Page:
Gartner Blog Network

The Key to Successful Application Control is not to Control Applications

by Neil MacDonald  |  July 19, 2011  |  5 Comments

Counterintuitive? Yup.

I’ve worked with hundreds of clients on the design and implementation of application control (whitelisting) solutions. The key to a successful application control implementation is *not* have to manually manage the whitelist on an application-by-application basis.

Our goal should be to identify and approve how trust propagates to files on a system and not be forced to approve each file individually – a concept referred to as “trusted change”. For end-user desktop computing, manually managing a whitelist on a file by file basis simply won’t scale. How can we automate the management of the whitelist? Here are some examples:

  • If a file/application/update is digitally signed by an application publisher that I trust, then the entire installation is trusted. This is probably the most common example and is the foundation of Microsoft’s improvements with Windows 7 AppLocker over Windows XP’s Software Restriction Policies.
  • If a file/application/update is installed by a trusted process (e.g. software distribution agent) on a system, then the entire installation is trusted.
  • If a file/application/update is installed by a self-updating application (e.g. iTunes, Chrome, Firefox), then these changes are automatically trusted.
  • If a trusted user/group (e.g. IT admin, departmental admin) installs the application, then the entire installation is trusted.

These are just a few of the more common examples out of the 20 or so scenarios that I believe are important. I’ve outlined these for clients evaluating application control solutions in a spreadsheet toolkit with the evaluation categories and suggested weightings.

Bottom line: Controlling whether or not a given file can execute is the easy part. The success of any end-user targeted application control project is in the automated care and feeding of the whitelist. There is simply no way this can be managed on a file by file basis.

Category: virtualization-security  

Neil MacDonald
VP & Gartner Fellow
15 years at Gartner
25 years IT industry

Neil MacDonald is a vice president, distinguished analyst and Gartner Fellow in Gartner Research. Mr. MacDonald is a member of Gartner's information security and privacy research team, focusing on operating system and application-level security strategies. Specific research areas include Windows security…Read Full Bio

Thoughts on The Key to Successful Application Control is not to Control Applications

  1. Peter Doyle says:

    This must be the worst title to an article I have ever seen (in the world of IT Security / governance) – foolish!

  2. Neil MacDonald says:

    Within the apparent paradox lies a great truth.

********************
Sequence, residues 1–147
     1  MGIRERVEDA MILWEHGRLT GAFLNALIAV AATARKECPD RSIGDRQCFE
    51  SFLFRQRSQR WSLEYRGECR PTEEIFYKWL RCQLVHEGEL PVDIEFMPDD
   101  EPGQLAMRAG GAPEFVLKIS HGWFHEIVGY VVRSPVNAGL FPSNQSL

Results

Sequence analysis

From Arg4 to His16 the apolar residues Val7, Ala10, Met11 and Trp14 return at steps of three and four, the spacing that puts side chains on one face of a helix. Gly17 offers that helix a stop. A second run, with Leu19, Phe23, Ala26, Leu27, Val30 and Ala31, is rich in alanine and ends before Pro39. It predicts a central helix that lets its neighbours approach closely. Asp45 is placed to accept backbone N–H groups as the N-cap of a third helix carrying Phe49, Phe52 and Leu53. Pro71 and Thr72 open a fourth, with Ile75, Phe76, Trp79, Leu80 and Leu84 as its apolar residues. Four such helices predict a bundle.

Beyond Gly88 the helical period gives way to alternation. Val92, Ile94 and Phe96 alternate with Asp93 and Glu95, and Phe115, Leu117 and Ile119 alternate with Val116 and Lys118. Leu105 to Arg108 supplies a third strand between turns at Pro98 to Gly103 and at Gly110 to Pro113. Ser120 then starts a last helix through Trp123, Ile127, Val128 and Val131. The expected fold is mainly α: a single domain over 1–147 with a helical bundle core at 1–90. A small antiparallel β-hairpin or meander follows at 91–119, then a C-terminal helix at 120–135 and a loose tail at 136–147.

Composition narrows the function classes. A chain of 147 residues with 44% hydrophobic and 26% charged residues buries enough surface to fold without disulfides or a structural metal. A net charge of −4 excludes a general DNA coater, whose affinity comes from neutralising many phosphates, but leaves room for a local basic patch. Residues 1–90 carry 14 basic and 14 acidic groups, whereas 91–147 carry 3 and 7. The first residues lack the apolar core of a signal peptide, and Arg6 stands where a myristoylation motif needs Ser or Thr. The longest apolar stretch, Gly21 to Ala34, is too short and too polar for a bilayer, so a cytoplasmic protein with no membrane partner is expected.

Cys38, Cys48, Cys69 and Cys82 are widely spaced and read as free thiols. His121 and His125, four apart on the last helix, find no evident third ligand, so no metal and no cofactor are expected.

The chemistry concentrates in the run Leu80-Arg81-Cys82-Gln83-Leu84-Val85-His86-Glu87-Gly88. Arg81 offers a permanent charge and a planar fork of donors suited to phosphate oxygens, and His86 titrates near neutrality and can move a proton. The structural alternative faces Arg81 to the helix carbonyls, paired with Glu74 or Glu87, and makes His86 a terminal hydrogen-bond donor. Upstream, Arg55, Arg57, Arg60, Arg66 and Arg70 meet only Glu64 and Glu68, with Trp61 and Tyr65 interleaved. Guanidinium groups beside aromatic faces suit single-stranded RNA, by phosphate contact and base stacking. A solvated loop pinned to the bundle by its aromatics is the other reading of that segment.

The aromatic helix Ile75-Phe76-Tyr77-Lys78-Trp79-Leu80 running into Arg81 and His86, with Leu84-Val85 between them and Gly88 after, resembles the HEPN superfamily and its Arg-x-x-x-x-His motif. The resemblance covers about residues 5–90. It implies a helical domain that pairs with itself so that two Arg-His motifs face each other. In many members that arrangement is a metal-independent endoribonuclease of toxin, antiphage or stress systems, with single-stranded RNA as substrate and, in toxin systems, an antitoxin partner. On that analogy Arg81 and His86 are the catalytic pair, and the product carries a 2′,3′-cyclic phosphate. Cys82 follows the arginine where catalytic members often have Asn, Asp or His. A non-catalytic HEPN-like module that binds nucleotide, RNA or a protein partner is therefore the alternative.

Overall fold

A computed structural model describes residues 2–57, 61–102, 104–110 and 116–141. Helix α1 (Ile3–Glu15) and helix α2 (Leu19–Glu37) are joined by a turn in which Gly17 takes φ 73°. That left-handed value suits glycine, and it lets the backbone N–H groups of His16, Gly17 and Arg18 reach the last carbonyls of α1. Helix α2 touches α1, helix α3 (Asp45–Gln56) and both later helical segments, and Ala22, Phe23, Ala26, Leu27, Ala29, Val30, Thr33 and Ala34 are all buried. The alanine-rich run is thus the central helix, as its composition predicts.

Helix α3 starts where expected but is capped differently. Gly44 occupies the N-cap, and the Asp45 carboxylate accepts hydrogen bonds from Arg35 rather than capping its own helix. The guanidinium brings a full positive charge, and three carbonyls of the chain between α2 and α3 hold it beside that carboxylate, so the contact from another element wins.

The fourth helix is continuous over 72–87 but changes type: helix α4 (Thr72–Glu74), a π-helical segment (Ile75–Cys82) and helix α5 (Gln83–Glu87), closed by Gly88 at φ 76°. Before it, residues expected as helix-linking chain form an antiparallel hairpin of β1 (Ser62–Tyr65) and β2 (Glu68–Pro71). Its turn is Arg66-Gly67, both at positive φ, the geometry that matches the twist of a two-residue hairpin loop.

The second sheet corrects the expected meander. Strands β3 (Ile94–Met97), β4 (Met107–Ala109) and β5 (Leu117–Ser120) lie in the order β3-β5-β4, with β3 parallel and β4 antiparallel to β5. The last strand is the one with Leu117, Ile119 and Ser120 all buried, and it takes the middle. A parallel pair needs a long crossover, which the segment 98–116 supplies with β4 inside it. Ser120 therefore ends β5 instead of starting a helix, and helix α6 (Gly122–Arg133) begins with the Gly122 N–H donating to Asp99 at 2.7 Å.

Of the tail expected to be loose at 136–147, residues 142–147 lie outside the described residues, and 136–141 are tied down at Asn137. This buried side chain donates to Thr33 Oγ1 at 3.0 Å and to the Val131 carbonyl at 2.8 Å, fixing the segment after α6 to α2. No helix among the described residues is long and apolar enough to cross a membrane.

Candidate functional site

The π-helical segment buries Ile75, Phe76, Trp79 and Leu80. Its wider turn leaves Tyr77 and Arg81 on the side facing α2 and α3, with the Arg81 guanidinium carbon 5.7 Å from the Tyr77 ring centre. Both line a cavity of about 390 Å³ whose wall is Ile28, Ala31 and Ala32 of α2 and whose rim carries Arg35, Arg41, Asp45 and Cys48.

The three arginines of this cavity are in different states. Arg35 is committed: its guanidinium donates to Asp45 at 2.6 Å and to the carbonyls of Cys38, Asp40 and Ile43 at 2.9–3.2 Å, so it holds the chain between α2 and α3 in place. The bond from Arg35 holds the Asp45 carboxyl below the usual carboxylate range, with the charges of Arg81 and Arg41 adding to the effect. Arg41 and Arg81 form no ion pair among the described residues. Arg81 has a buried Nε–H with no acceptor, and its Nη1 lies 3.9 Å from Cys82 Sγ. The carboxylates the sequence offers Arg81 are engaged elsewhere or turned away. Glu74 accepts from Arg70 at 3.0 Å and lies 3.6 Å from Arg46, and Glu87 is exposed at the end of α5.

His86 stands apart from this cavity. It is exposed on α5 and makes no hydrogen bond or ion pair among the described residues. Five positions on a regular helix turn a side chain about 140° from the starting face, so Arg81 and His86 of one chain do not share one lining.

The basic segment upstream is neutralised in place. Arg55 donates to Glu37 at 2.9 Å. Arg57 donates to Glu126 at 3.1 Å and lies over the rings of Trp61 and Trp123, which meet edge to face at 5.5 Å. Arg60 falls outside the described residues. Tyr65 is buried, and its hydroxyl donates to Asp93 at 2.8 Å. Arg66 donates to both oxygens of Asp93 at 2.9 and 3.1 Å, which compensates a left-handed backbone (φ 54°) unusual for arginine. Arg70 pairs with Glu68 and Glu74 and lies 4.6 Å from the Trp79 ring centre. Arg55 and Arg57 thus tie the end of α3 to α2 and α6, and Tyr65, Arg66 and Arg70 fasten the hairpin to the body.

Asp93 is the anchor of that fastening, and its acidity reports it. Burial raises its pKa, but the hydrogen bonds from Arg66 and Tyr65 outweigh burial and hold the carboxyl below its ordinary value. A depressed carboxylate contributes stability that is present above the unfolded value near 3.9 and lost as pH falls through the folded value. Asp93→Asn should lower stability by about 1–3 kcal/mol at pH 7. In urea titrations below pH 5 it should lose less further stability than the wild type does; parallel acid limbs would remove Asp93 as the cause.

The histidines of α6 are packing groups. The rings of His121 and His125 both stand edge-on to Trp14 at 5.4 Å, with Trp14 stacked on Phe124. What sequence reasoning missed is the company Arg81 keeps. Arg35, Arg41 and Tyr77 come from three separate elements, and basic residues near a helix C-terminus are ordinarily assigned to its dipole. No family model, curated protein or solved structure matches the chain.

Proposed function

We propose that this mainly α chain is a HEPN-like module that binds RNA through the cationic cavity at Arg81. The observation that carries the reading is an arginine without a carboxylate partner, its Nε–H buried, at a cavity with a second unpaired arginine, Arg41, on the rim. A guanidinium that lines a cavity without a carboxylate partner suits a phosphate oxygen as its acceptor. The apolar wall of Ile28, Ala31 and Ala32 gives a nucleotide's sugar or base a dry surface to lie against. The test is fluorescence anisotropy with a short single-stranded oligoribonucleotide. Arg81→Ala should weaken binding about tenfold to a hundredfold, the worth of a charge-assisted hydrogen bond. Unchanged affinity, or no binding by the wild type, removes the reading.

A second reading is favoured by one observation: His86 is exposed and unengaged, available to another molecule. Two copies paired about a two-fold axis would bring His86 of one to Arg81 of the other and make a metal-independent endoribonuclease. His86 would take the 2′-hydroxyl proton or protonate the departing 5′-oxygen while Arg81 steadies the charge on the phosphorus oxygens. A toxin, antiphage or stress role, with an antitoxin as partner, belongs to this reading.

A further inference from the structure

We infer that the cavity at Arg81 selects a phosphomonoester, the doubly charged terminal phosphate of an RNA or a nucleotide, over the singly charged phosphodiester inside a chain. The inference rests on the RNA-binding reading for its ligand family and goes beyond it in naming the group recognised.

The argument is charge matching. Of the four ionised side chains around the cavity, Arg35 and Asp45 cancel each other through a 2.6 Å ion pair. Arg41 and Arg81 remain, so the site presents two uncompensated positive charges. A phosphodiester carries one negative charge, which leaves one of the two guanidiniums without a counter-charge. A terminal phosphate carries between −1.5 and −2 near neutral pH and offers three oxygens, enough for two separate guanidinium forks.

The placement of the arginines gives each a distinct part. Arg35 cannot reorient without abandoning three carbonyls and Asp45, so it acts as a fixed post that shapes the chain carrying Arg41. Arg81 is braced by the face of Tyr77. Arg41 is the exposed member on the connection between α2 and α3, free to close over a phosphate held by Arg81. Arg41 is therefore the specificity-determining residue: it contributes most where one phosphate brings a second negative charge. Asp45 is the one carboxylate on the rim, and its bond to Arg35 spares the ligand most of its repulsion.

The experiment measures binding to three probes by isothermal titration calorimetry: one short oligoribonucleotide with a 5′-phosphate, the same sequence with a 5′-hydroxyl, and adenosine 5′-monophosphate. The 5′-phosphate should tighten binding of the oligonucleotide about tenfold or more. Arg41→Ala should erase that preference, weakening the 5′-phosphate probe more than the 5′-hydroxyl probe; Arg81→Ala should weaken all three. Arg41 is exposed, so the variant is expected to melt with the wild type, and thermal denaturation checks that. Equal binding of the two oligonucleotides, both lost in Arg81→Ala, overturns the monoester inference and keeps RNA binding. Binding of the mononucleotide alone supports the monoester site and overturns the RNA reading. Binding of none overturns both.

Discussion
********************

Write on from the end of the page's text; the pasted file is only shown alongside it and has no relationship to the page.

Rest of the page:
Our goal should be to identify and approve how trust propagates to files on a system and not be forced to approve each file individually.

    Don’t control applications, control trust models.

    Make sense?

  3. Shaloo Shalini says:

    As opposed to explicit control or ‘brute force’ control which is similar to whitelisting and has apparent scalability/zero-time issues – the author is (most likely) referring to implicit or ‘not-so-obvious-control’ strategy based on trust relationships. This is a well researched aspect in ‘social interactions’ context.

    Well, Trust based, dealing with rules/norm/sets for reputation/deception is the kind of scalable model for security that seems to be gaining a lot of traction lately. Especially in the context of cloud computing. Not sure if you have looked at the nuggets from Simon Crosby (Citrix->Bromium – stealth startup for security in a ‘cloud world’).

  4. Paul Zimski says:

    Title preference aside (I kind of liked it), I think this is spot on Neil. The idea of manual whitelist maintance will never scale nor be agile enough to meet the needs of most organizations and their end-users. By setting up automated trust decisions its possible to strike a good balance between security, flexibility and overhead. If you think about reputation services (your high integrity haystack analogy), one of the biggest reasons to build such a taxonomy is to provide the “trusted change engine” with enough metadata to help make some of these decisions. I also think that this approach changes the perception that application control has to mean “lockdown”. It really doesn’t. With a trusted change approach the organization gets to implement a policy that is relevant to their appetite for risk and their need for flexibility.

  5. Michael Bower says:

    I totally agree. With our Bit9 deployment, working with the Trusted Directory and Trusted Publisher features, we can dynamically add new software to our whitelist. I have found that it is easier to manage that process vs trying to tackle the nightmare of adding software manually.

Comments are closed

Comments or opinions expressed on this blog are those of the individual contributors only, and do not necessarily represent the views of Gartner, Inc. or its management. Readers may copy and redistribute blog postings on other blogs, or otherwise for private, non-commercial or journalistic purposes, with attribution to Gartner. This content may not be used for any other purposes in any other formats or media. The content on this blog is provided on an "as-is" basis. Gartner shall not be liable for any damages whatsoever arising out of the content or use of this blog.